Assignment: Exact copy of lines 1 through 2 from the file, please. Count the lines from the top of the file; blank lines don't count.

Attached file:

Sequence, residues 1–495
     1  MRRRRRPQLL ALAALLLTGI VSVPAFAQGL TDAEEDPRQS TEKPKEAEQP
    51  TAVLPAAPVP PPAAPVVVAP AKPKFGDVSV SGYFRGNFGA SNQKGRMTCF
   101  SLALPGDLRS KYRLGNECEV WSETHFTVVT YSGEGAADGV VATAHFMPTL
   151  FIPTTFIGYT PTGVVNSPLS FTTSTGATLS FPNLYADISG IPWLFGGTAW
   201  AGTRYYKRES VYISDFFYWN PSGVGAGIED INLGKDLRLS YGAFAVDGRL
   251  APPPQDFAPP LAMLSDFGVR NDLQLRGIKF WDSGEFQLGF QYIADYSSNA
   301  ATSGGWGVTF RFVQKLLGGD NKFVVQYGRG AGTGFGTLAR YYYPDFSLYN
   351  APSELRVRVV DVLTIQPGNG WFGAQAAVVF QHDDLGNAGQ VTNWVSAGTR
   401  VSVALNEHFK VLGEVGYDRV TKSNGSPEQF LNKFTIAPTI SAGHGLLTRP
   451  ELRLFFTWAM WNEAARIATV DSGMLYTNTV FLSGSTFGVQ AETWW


Sequence, residues 1–495
     1  MRRRRRPQLL ALAALLLTGI VSVPAFAQGL TDAEEDPRQS TEKPKEAEQP